But everything is overlaid upon everything else. His dependency is overlaid on his mental illness. Behind the mental illness you can see the childhood events that helped make him who he is, details of his childhood, behind that, further back, you can even guess at his genetic makeup. It is quite possible that his GABAa receptor structure is subtly abberant. It is relatively certain that when he was six his father would beat him with a wooden rod for opening his eyes during prayer, and that his mother continues to attribute his illness to demonic possession. Beyond doubt, stretching back behind his parents are his grandparents, their parents, fuckups and freaks back to the Bronze Age.

There's so much going on it seems almost impossible to work out where to start, but in reality the choices are fairly simple. He is not detainable under the mental health act. He has no interest in referral to a psychiatrist, because the good psychiatrists won't prescribe him alprazolam and the bad psychiatrists aren't getting anywhere near him. We are slowly working through -

- I was going to say there we are slowly working through the relationship between his anti-anxiety medications and his anxiety, his sleeplessness and his sleeping pills, but I don't know about that. "Work" in some way implies progress, building something, the construction of something where there was nothing before, and I doubt that this is the case. There is too much damage done, not enough to build with, the foundation too riddled with doubt.

I don't know. I have not been able to express this adequately. Part of the reason I have decided to do psychiatry is that it may give me the tools with which to articulate some of these ideas, ways that I can understand and therefore help.

Anyway. After Mr Thames leaves my room, teary, drenched in sweat, I sink back into my chair. I know it's not the same kind of tired as my brother gets, or my father got - I've had that bone-deep weakness a few times in my life, enough to make me realize I can't do it for a living. But even if it's a less honest kind of tired, it's a significant one. In the mornings some times I punch the punching bag until I cannot raise my hands to my head - this is the same kind of thing, but it's brain rather than biceps brachii. In the same way that exhausted hands can't make a fist, for half an hour after seeing Mr Thames my brain can't articulate a thought.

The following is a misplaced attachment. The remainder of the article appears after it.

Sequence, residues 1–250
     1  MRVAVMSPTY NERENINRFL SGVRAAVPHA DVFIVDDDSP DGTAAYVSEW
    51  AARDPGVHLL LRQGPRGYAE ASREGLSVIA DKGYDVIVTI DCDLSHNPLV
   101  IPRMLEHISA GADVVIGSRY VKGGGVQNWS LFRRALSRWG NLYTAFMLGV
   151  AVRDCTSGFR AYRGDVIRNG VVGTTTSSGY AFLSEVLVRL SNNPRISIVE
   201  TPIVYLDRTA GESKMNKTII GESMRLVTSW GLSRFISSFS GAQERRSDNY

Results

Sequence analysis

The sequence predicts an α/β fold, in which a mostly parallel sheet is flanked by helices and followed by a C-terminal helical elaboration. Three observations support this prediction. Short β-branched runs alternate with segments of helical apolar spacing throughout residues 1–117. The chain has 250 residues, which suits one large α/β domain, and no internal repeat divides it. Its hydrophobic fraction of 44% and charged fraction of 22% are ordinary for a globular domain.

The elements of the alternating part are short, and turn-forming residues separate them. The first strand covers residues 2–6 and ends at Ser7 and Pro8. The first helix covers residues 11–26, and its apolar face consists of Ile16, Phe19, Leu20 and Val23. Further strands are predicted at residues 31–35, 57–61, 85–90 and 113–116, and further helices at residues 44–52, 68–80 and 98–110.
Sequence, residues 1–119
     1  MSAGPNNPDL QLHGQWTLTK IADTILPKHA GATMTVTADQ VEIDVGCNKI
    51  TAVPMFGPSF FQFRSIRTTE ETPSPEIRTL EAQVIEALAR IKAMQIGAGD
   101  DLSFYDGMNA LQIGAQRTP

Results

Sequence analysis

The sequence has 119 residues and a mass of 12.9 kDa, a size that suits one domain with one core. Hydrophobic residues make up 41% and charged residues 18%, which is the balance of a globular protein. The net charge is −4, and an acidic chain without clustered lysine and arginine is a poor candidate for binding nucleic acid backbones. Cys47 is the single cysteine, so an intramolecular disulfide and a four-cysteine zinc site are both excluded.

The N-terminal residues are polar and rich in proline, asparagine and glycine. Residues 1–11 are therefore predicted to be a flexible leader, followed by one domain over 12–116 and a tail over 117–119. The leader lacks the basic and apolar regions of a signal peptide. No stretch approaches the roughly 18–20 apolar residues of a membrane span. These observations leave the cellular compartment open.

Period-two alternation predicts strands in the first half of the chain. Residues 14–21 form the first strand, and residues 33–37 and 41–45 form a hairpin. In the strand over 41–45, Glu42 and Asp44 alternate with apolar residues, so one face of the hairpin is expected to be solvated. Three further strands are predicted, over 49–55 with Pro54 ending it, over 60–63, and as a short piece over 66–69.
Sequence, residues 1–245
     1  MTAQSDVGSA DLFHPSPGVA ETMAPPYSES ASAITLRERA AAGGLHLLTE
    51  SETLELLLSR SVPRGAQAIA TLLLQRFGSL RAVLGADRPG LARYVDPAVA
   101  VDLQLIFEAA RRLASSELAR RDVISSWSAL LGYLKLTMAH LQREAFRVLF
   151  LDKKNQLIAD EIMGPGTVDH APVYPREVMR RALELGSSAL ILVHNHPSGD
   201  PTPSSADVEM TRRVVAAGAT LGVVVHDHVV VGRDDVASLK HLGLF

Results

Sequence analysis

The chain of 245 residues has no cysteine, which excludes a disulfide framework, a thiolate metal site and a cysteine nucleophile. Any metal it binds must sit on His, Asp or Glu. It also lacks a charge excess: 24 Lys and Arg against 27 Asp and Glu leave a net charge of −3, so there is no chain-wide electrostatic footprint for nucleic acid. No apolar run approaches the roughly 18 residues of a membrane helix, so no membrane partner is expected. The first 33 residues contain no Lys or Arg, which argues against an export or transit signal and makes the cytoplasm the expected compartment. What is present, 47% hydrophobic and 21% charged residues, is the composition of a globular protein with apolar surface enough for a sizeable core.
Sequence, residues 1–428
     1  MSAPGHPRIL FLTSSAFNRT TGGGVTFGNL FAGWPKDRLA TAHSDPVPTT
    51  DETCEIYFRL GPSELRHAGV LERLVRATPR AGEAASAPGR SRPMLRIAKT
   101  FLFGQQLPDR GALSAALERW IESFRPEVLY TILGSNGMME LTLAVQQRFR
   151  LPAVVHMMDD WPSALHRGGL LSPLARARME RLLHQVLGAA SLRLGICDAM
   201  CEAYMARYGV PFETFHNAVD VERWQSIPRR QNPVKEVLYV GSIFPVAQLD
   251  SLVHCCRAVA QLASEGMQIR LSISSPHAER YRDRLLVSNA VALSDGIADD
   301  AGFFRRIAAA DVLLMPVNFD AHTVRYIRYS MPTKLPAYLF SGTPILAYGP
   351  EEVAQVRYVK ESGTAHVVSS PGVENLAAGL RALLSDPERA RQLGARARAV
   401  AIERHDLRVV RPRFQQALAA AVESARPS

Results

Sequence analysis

And that's without the screaming schizophrenic or the heroin-soaked teen mother or the very very bad man with the easy, affable manner.

Anyway. As I write this other people are working. Tonight is tenth wedding anniversary dinner night - I'd better go get ready.

Thanks for listening,


Blogger Benedict 16th said...

So he hasn't discovered Clonazepam (Rivotril, Paxam) yet then? It was the only drug (14-20mg a night) that got my pancreatic cancer patient to be able to sleep at night (with a whisky or two!).

Diazepam seems to have a GABA receptor limit at about 30mg (clinically) and 80mg (from rat studies in all your psych books...*) any more is just greedy and "doesn't work"**
Temazepam - clinically I'd estimate the limit at about 120mg (dunno with Oxazepam), and about 6mg with Alprazolam. (I guess I do a lot of BZD prescribing - maybe I'm fielding for a Butt by the DDU?).
Roofies*** are "the best" but they are hard to get hold of anymore.

Two suggestions for Mr London Estuary - 1) Get him to drink some alcohol - it has an amplifying effect on the BZD
2) Try Olanzapine - it just might work as an augmenting agent - not really any different to his OTC antihistamines

3) only real alternative is ECT

Benny 2¢

* which reminds me I have to give you a copy of this 1950's psych book.... "Psychological Atlas with 400 Illustrations" by The David Catz, actually 1948
** per drug parlance not what those stupid bloody doctors say
*** Flunitrazepam is apparently the ultimate but damn hard to get hold of

12:17 AM  
Blogger Ladyk73 said...

Wow, how does one detox...from that? Haldol?

I was always dead to the world after a day being a substitute teaching in the *very bad* school.

Anyways, my two cents...

Is that this is a beautifully well written post. Thank you

9:47 AM  
Blogger Camilla said...

Happy anniversary! Ten years already? How time flies! May you have many more happy decades to come :D


11:16 AM  
Blogger Foilwoman said...

I hope you had a great anniversary. My best to Sarah and the cats.

3:05 PM  
Anonymous Benedict on holidays said...

Oh that reminds me - since I trashed the car - we won't be able to pick the kids up until Sunday.


9:53 PM  
Blogger CRW said...

Your site is a very interesting read from a medical standpoint. It's nice to see someone in the field with such talent. Thanks for putting it out here for me to stumble upon.

7:24 AM  
Anonymous Milo said...

would you please write again... please...
This is so scary, I have become addicted to your posts and am running out of reading the archives section... All the best to Sara as well.

1:51 AM